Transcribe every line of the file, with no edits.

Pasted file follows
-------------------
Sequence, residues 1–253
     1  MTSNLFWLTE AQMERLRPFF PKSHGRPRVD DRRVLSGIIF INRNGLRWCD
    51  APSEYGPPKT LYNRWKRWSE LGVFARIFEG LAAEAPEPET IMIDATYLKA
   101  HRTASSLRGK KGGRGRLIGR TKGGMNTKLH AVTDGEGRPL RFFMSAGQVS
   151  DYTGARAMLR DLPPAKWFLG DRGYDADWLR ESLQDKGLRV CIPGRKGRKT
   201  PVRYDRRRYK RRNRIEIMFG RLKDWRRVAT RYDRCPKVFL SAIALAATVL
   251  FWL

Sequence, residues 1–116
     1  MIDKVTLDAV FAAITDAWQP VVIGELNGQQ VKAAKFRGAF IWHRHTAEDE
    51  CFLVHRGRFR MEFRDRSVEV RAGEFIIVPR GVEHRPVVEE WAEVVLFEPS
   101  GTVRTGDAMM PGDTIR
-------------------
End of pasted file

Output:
Sequence, residues 1–253
     1  MTSNLFWLTE AQMERLRPFF PKSHGRPRVD DRRVLSGIIF INRNGLRWCD
    51  APSEYGPPKT LYNRWKRWSE LGVFARIFEG LAAEAPEPET IMIDATYLKA
   101  HRTASSLRGK KGGRGRLIGR TKGGMNTKLH AVTDGEGRPL RFFMSAGQVS
   151  DYTGARAMLR DLPPAKWFLG DRGYDADWLR ESLQDKGLRV CIPGRKGRKT
   201  PVRYDRRRYK RRNRIEIMFG RLKDWRRVAT RYDRCPKVFL SAIALAATVL
   251  FWL

Sequence, residues 1–116
     1  MIDKVTLDAV FAAITDAWQP VVIGELNGQQ VKAAKFRGAF IWHRHTAEDE
    51  CFLVHRGRFR MEFRDRSVEV RAGEFIIVPR GVEHRPVVEE WAEVVLFEPS
   101  GTVRTGDAMM PGDTIR